His plans for the Bay Psalm Book are equally civic-minded. He will loan the volume to libraries all over the country (interest in this book was so great when the news broke of the impending sale that it traveled to Philadelphia, Chicago, St. Louis, Cleveland, Houston, San Francisco and Texas, drawing crowds wherever it went) and then will choose one library to place it in on long-term loan.


Irate ghost hunters burn LeBeau mansion to the ground

Tuesday, November 26th, 2013

The LeBeau Plantation mansion in Arabi, St. Bernard Parish, Louisiana, was burned to the ground by a group of thwarted ghost hunters in the early hours of Friday, November 22nd. The house had survived war, fire and hurricanes for 160 years and was one of only two plantation houses in the area still standing. Now all that’s left of it are its four chimneys, still surprisingly straight and uncharred amidst the smoldering ruins, and part of an internal brick wall. It is unrecoverable.

The mansion was built around 1854 by Francios Barthelemy LeBeau, a wealthy businessman from New Orleans, as an elegant weekend retreat overlooking the Mississippi River. It was a lavish Greek Revival mansion with a central cupola and 16 rooms spread over 10,000 square feet. The internal doorways were 13 feet high. Although LeBeau built all but the one central staircase outside to avoid the tax on interior staircases, he spared no expense on decorative features like black Egyptian marble mantelpieces, ornamental plaster, imported European wall-to-wall carpeting and nine-foot mirrors in gilt frames. It was the most ornate plantation on the lower Mississippi.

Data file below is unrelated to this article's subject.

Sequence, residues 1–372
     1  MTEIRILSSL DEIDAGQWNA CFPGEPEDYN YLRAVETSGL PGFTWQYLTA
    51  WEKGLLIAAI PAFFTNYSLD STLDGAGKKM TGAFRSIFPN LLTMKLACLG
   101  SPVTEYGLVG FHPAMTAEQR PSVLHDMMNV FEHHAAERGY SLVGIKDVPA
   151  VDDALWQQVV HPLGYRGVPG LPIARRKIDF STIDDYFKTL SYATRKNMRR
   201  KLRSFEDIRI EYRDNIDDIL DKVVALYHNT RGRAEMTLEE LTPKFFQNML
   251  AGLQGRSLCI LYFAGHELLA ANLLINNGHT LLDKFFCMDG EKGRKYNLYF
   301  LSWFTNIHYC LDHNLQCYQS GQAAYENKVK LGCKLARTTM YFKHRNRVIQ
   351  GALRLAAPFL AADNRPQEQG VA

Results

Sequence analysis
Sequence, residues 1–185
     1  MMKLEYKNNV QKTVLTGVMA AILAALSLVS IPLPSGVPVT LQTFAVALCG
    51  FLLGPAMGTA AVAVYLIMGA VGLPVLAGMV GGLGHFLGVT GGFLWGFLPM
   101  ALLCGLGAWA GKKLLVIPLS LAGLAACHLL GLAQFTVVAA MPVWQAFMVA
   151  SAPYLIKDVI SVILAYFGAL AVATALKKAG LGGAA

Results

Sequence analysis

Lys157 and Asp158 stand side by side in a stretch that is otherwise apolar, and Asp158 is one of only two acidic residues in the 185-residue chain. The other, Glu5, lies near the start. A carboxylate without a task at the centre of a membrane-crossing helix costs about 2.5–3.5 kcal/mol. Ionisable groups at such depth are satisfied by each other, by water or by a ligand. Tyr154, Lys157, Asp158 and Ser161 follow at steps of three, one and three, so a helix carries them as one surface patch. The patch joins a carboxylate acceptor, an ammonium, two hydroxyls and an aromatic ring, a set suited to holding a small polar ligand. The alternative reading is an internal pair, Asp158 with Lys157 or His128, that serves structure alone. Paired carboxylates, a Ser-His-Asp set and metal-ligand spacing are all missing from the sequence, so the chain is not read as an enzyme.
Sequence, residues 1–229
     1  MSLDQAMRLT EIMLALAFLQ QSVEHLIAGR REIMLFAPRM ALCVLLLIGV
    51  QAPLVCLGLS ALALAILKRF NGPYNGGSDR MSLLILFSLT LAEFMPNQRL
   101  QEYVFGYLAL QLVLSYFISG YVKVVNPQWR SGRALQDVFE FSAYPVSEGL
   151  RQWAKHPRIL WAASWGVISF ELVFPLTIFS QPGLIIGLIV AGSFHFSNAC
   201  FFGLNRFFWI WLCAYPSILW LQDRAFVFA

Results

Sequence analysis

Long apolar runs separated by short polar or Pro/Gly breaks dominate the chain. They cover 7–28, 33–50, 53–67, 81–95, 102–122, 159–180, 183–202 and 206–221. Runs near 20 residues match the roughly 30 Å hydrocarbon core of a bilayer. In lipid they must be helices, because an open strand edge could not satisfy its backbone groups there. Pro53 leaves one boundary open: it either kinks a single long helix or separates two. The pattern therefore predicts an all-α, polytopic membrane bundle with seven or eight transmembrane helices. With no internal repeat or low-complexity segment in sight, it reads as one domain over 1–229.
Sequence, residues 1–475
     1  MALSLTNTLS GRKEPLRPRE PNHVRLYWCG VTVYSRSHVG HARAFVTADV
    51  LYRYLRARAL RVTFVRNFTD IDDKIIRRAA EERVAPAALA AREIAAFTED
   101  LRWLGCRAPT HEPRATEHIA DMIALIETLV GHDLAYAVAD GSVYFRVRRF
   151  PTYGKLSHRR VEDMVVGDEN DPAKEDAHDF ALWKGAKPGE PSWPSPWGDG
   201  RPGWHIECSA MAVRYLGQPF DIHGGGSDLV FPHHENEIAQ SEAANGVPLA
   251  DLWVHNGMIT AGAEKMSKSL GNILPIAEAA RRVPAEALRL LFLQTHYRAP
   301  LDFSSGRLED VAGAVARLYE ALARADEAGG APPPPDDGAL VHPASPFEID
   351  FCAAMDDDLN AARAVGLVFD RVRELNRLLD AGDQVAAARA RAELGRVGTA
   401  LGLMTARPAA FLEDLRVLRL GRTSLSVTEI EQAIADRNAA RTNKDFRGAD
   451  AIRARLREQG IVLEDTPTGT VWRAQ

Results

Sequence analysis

LeBeau died at the young age of 48 just months after construction on the house was completed. His left the property to his son Louis who along with his mother Christine Sylvanie decided to live in the mansion full-time and make it a working plantation. The site had been used to farm everything from cypresses to rice to indigo, but the soil was too impoverished to grow high intensity crops. Instead, they grew oranges and raised cattle for sale to local markets and slaughterhouses.

It remained in the family until 1905 when it was sold to a realty company who converted it into the Friscoville Hotel. This was not just a nice place to spend the night. It was a hotel, bar and casino, the fanciest gambling establishment of several along the Friscoville Road. New Orleans had outlawed gambling in the city limits of Orleans Parish, and Arabi, once part of Orleans Parish but incorporated as a town in St. Bernard Parish in the 1880s, was ideally located to take advantage of the ousted gambling traffic. You could get there on a New Orleans city streetcar.

It was a rollicking spot during Prohibition, a speakeasy and casino that was regularly raided by police. Gun turrets were installed in closets next to the front door, although there is no record of them ever having been used. In 1928, the mansion and the other Friscoville casinos were raided on the orders of Governor Huey Long and 225 people were arrested.